I often see comparisons with technology, many of them resonate but seem incomparable. A common one is that the smartphone you carry in 2014 has many times the processing capacity and speed of the mainframe I started working on 40-years ago. Yes, thats me.
But today, as I drove into the office, I had a visceral reaction to a directly comparable example.
20-years ago, 1994, I was a technology consultant to the Kingston in Surrey, UK on demand movie streaming project. We had done some prototyping around streaming video on a local area network, the performance capacity and pricing.
We felt we could deliver the technology solution based around keeping movies on massive tape libraries(disk storage was too expensive). As movies were requested, we’d cache them on disk for streaming and essentially push the movies into homes via local staging servers over “broadband” cable, using a 750MHz+ bandwidth and a fiber-optic backbone. We priced the movies at just over the price of travelling to the rental store and renting a video tape. The system worked, but sadly didn’t scale in both the number of users and the performance. Once we went over around 100 different streamed movies, the performance became “jittery”. The result of this service was the timed on demand solution you see in many cable and satellite systems for years after that. You could have video on demand, but only on a set schedule.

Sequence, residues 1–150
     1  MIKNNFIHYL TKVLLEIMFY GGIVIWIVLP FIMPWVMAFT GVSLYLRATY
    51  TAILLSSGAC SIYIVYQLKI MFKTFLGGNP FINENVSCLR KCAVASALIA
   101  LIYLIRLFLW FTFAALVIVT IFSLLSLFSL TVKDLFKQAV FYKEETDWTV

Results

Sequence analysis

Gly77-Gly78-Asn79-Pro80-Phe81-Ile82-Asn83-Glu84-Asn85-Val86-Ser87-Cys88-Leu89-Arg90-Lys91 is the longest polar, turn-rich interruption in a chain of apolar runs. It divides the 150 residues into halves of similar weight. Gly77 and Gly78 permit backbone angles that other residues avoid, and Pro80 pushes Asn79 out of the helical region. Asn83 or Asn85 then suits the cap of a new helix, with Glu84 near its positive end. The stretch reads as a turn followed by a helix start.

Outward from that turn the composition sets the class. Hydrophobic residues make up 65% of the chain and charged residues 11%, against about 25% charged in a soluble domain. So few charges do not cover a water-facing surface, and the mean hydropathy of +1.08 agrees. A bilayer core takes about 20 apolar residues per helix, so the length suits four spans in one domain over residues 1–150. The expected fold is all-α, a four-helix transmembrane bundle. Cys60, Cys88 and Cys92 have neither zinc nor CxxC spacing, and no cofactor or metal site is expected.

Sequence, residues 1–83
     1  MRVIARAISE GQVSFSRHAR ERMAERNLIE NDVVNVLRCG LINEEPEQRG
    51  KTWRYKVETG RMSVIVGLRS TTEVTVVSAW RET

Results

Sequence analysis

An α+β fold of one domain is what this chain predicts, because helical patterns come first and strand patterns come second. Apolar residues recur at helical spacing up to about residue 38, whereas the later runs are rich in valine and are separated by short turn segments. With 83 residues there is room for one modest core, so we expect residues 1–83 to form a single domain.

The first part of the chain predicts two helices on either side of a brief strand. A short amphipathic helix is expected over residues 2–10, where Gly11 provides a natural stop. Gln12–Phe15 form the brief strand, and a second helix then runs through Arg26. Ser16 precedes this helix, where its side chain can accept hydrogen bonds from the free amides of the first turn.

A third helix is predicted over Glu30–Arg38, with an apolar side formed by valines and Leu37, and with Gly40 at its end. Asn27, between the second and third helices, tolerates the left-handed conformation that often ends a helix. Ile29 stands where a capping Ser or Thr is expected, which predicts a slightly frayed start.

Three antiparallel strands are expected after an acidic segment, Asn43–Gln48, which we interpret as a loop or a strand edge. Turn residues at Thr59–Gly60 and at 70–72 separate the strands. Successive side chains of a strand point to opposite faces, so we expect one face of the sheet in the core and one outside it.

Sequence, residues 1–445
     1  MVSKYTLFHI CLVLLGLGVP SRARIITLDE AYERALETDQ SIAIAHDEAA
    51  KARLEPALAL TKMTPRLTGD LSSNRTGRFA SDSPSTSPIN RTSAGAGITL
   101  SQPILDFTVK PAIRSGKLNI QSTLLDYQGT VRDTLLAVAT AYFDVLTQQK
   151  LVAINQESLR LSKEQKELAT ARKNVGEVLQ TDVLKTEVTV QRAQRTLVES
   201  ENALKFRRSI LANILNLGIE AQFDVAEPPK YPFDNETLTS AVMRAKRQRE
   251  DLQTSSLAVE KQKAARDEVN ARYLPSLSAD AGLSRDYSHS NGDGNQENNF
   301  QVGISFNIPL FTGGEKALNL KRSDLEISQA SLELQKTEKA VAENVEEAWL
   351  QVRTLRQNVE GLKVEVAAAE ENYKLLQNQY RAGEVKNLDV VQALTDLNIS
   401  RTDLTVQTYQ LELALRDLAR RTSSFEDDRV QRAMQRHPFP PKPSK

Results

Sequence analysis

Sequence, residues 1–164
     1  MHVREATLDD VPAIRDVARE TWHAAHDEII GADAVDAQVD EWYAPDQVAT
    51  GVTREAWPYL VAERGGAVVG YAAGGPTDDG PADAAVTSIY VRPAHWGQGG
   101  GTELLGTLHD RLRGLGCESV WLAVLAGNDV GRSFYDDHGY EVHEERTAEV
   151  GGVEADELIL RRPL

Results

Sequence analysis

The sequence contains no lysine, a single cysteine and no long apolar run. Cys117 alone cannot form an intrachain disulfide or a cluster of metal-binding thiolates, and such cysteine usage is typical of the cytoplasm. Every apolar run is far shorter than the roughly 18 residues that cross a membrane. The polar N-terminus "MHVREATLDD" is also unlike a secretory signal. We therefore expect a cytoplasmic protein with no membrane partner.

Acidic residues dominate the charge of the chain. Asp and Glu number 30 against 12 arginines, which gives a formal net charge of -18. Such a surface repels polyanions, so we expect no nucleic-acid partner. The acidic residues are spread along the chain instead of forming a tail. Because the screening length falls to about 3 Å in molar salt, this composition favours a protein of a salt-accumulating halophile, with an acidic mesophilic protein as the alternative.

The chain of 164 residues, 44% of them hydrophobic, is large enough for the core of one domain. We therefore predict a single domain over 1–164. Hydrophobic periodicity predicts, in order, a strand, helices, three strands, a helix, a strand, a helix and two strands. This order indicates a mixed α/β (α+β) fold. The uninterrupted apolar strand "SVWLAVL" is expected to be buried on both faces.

And so it was today I was cruising up I35 to the office at 70mph, and when I left the house I put the Samsung S3 smartphone on the Boston Marathon livestream, set the car audio system to Bluetooth and connected to the phone. The whole way to the office, approx. 25-mins, the phone streamed a full color video and quality sound. Amazing over the AT&T 4G network.
There is no way for me to know how many users were receiving a concurrent stream. The credit mostly goes to Akamai, who have an amazing content caching network; also to everything that allows live streamed pictures to go from the back of motorcycles up to satellites, back down to earth, over the backbone network and into the Akamai network; also to the software algorithms and standards that have allowed video to become a ubiquitous medium, the Boston Marathon site had a link at the bottom of the page that said iOS users link here, but that was as far as I can see, an H264 MPEG stream, mislabeled as everyone knows, Apple doesn’t support flash.
Really, totally amazing progress.